Dunbar Senior High School in Shaw has always been one of the best examples of the worst in D.C. public school architecture.
Built in 1977, it has that geometric, jailhouse-type look, much like Bruce Monroe Elementary on Georgia Ave., which was supposed to be demolished this summer. This morning, the D.C. Office of Public Education Facilities Modernization (OPEFM) announced a meeting for the first phase of a competition for Dunbar’s new design.
Earlier this year, OPEFM finished off a similar competition for Wilson Senior High School. It drew 21 proposals for the first round; that group was narrowed down to a “short list” of six firms. Each firm was given $25,000 to prepare preliminary design concepts. Ultimately, Cox Graae + Spack Architects (GCS) of Washington won.
“That’s exactly the plan [again],” says Tony Robinson, spokesperson for OPEFM.
Before it was known for its hideousness, Dunbar—its former, earlier building—was known for its grandeur. (It looks a lot like Eastern Senior High School on Capitol Hill, according to Robinson.) Dunbar is also known for being the first “municipally financed” high school in the U.S. constructed for African-American students. Hopefully, the new design will stir up some of the old nostalgia and pride, says Robinson.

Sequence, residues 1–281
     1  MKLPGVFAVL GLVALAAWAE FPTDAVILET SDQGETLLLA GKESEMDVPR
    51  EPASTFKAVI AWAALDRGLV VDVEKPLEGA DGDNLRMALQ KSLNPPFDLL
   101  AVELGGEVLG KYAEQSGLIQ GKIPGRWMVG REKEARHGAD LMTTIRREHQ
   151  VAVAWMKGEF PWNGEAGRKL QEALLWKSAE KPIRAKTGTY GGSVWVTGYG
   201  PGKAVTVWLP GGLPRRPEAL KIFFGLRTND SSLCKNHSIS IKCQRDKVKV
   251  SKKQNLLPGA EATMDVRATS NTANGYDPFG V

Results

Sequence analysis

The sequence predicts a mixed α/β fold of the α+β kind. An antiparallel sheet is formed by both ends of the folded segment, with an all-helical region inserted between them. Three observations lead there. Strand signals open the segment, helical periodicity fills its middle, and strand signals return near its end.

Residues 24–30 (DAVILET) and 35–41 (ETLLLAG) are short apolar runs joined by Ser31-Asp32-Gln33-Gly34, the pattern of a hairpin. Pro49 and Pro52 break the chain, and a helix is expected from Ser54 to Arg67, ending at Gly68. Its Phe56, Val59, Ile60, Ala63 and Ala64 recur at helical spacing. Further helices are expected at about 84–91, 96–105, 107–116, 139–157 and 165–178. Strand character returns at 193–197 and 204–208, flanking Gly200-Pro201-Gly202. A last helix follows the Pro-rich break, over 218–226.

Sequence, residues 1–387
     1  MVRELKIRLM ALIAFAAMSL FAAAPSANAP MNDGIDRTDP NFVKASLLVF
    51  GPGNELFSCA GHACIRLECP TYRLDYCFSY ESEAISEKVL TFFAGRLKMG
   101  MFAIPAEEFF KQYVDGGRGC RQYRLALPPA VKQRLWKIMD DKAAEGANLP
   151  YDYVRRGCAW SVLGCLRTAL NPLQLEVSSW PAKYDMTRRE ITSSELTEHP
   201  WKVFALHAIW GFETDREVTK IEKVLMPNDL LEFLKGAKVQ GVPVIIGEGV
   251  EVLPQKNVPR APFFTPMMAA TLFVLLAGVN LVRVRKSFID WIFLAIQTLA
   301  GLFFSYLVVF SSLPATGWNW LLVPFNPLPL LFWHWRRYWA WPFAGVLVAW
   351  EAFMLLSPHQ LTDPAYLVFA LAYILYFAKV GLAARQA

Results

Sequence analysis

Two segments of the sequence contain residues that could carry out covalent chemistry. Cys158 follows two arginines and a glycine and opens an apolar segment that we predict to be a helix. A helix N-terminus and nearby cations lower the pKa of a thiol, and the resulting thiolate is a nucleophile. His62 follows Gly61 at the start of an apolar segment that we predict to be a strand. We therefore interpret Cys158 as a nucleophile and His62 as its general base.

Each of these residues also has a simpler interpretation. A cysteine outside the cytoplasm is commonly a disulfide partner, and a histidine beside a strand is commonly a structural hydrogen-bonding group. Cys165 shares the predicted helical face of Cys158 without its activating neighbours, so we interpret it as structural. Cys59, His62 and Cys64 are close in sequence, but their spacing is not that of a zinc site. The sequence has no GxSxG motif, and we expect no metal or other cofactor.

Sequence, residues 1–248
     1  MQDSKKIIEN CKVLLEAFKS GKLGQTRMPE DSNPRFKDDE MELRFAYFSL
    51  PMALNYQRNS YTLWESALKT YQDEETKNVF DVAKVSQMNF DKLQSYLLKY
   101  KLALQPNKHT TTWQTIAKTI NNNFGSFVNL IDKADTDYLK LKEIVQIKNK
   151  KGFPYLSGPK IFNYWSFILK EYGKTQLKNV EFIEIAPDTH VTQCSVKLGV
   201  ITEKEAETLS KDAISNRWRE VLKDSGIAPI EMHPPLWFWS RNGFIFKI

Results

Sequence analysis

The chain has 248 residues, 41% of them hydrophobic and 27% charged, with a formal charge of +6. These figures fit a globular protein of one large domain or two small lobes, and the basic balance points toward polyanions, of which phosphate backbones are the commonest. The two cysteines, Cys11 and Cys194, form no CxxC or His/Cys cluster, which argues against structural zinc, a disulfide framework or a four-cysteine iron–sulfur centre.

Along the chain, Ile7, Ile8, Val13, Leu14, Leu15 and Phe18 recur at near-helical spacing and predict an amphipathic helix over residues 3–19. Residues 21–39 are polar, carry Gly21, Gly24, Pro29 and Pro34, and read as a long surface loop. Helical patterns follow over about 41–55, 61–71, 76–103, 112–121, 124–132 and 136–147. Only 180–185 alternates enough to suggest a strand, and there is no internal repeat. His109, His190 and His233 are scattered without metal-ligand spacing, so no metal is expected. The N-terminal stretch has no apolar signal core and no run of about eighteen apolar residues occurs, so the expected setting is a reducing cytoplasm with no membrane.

“We heard from so many alumni about what the building used to mean to the students,” he says. “We don’t we want to recreate the building brick by brick,” but firms should strive for the same sensation.
An earlier version of this story stated that Bruce Monroe had been demolished. The Deputy Mayor for Planning and Economic Development announced in August that it was beginning demolition on the school then. But at least part of the building—the part I glimpsed this weekend—is still standing today.